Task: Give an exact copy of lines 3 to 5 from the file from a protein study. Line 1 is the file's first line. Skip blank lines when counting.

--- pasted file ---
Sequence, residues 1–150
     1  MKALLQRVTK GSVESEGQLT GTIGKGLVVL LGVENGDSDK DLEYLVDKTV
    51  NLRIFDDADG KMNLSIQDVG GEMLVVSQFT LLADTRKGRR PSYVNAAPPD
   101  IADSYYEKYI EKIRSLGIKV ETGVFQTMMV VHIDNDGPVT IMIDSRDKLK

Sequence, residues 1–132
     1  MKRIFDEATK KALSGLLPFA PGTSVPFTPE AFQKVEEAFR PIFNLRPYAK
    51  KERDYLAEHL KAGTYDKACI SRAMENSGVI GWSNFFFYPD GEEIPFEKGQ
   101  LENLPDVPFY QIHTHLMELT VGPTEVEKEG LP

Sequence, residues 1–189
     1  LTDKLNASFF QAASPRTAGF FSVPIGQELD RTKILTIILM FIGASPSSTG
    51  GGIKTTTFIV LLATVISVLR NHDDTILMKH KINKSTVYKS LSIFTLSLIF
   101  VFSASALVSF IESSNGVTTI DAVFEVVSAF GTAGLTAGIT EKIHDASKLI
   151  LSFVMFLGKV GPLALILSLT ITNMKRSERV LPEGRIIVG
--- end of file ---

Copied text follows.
    51  NLRIFDDADG KMNLSIQDVG GEMLVVSQFT LLADTRKGRR PSYVNAAPPD
   101  IADSYYEKYI EKIRSLGIKV ETGVFQTMMV VHIDNDGPVT IMIDSRDKLK

Sequence, residues 1–132